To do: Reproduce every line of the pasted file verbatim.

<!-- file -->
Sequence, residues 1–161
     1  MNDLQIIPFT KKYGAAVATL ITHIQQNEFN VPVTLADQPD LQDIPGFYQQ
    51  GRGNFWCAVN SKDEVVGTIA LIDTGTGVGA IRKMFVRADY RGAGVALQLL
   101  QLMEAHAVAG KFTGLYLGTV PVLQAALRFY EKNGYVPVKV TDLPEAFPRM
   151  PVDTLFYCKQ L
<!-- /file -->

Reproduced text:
Sequence, residues 1–161
     1  MNDLQIIPFT KKYGAAVATL ITHIQQNEFN VPVTLADQPD LQDIPGFYQQ
    51  GRGNFWCAVN SKDEVVGTIA LIDTGTGVGA IRKMFVRADY RGAGVALQLL
   101  QLMEAHAVAG KFTGLYLGTV PVLQAALRFY EKNGYVPVKV TDLPEAFPRM
   151  PVDTLFYCKQ L